Steve Muscat, Head of Engineering at UK Power Networks Services, explains the Internet of Things (IoT) and how it can save costs for businesses.
It’s become ubiquitous over the last 20 years. More and more devices, from cars, to smart watches, phones, computers, or heating systems, have been connected as part of an ever-expanding ‘Internet of Things’. In fact, so much is now connected that it can be hard to decipher where IoT begins and ends, whether it is a single entity or millions, how it’s deployed, or even what the benefits are.
To break it down into something tangible: creating an IoT simply means upgrading your technology to turn them into a series of ‘smart’ devices. This means they can gather, share, and transfer data: to one another, to a centralised management platform, and to the cloud.
This has obvious benefits if you want to track your fleet of vans, learn how often company phones are being used, or see how your ventilation system is performing, but it can also be applied to your electrical infrastructure. Doing so can unlock real cost saving benefits.
Adding smart capability to your transformers, substations, renewable assets, energy meters, or switchgear presents an opportunity to collect vast amounts of data about your energy use. Combing that capability with cloud computing and advanced analytics allows you to harness this information to understand how power flows through your organisation, how assets are performing, and what their expected lifetime is.
Simple applications of IoT can focus on understanding ‘what is happening?’ in your organisation, by monitoring, for example, your real-time energy consumption and carbon emissions, or identifying energy-intense assets. More sophisticated applications may focus on ‘what is likely to happen?’ and ‘what do I need to do?’. In such applications, predictive analytics and pattern-recognition techniques are applied to identify a problem before it occurs. For example, in a predictive maintenance programme, dynamic asset models may be able to use data to understand the health and condition of assets or predict a potential asset failure that could cause an unexpected outage and disrupt operations.
It’s a related but distinct concept from SCADA (Supervisory Control and Data Acquisition), which is a system of software and hardware that facilitates remote control of electricity networks. While SCADA offers real-time data so you can control day-to-day electrical switches and substations, the availability of the internet means a much wider variety of devices can be connected through IoT (stretching to vans, thermostats, or phones, for example). Data from an IoT system can also be easily sent to the cloud - rather than your on-site server room - where advanced analytics can offer actionable insights.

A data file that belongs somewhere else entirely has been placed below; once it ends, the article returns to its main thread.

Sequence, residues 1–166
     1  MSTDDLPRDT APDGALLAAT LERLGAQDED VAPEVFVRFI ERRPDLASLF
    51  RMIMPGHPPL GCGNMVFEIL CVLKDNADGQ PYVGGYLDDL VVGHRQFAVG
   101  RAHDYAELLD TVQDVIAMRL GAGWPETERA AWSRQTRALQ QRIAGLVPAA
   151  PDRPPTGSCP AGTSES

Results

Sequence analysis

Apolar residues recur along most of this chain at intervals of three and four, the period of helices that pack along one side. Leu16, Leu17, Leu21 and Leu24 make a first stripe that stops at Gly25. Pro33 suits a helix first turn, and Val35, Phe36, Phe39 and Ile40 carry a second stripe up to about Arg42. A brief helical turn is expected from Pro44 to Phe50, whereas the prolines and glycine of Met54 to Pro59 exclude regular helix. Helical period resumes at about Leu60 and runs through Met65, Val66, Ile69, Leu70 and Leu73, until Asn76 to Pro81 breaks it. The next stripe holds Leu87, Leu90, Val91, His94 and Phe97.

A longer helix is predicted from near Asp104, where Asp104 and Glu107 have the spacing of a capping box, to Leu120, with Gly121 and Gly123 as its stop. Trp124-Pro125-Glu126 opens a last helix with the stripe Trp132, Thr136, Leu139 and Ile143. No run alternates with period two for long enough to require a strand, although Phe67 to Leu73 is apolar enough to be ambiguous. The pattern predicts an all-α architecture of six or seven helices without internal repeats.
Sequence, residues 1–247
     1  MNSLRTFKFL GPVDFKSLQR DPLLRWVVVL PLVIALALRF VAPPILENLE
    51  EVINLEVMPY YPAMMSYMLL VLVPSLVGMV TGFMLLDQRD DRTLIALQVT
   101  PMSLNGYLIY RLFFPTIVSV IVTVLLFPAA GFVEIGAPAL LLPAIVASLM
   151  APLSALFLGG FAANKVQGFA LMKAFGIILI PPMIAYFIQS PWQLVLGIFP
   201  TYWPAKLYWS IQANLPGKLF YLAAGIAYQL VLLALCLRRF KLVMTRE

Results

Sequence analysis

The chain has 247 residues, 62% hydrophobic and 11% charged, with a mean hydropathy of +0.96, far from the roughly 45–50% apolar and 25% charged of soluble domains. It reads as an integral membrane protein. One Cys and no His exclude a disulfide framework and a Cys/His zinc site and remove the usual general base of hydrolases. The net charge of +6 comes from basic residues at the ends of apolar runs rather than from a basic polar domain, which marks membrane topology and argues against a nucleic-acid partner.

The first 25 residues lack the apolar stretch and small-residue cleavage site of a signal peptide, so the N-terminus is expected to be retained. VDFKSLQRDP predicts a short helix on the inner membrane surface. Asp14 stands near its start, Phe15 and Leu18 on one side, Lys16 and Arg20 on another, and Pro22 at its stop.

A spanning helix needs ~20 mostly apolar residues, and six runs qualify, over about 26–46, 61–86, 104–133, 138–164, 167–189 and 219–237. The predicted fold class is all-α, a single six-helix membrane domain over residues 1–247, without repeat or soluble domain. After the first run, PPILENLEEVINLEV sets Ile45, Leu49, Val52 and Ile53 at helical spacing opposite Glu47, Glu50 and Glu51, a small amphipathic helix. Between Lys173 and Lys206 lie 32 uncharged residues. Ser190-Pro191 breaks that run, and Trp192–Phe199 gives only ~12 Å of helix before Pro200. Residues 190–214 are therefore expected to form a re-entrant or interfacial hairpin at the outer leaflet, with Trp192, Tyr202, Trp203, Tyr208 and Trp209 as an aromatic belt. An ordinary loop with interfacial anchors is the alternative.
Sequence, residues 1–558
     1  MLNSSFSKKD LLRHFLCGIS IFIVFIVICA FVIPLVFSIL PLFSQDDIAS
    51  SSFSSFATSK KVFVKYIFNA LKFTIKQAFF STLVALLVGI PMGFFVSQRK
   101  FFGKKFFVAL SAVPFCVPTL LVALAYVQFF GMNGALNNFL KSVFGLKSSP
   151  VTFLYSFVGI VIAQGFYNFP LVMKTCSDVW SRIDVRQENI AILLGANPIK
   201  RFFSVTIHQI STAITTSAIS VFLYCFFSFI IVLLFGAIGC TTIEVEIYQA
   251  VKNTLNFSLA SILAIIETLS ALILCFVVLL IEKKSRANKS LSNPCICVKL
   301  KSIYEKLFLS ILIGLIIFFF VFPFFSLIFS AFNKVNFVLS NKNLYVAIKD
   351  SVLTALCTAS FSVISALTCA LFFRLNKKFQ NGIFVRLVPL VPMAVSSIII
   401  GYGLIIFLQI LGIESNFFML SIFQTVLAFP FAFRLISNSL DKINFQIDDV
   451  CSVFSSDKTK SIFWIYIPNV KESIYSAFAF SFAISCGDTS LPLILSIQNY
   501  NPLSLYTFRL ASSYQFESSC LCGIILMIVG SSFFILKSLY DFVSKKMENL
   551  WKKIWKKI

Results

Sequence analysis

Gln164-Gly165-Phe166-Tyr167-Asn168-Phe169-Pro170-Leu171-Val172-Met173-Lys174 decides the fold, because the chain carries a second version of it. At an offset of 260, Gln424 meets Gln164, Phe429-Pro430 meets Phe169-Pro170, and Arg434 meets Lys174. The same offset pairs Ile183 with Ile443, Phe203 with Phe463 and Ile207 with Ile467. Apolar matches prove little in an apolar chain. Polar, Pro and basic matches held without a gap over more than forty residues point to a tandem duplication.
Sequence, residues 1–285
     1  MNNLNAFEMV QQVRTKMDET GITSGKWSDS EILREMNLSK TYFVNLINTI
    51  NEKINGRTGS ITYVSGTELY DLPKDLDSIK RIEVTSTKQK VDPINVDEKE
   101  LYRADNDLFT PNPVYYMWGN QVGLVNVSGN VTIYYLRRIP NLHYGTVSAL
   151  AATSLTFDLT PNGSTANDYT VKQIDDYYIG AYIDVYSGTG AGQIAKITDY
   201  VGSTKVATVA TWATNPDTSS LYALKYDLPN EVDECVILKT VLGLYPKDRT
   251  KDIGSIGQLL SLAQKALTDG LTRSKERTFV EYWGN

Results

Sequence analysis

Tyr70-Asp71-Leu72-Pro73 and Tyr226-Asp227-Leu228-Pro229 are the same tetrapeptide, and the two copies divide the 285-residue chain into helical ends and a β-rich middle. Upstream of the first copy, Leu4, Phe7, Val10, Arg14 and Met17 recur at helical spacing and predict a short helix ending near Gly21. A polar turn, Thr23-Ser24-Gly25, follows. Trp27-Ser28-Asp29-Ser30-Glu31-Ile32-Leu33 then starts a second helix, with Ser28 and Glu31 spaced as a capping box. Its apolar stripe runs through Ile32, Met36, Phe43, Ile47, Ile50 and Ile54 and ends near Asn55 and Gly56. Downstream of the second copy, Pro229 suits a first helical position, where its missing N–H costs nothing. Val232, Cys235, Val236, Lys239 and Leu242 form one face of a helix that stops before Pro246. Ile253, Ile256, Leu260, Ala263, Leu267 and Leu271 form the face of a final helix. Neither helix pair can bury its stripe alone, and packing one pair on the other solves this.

Take a real-life example: an electricity transformer at your site might be due for a replacement roughly every five years on average. However, if the transformer is connected to an IoT solution it can send data about how it’s operating to the cloud. A forecasting algorithm could use that data to tell you that the transformer is running perfectly well and doesn’t need to be replaced for two more years. You have just saved on the cost of early and inefficient replacement.
The applications of IoT and advanced analytics are unlimited, as data from devices can be used to run real-time scenarios to make better decisions. With better information, you can model the cost of expansion, the efficiency of your assets, enhance your network resilience, improve the way you manage your assets or how those assets will support your sustainability targets. We’re currently doing this with one of our rail clients to monitor the performance of assets and improve efficiency.
While the IoT is a vast concept, connecting technology on your site to gather data and implement advanced analytics can have real-world benefits. Greater visibility means greater insight, helping you deliver initiatives to achieve economic success, while also reducing emissions and increasing operational reliability.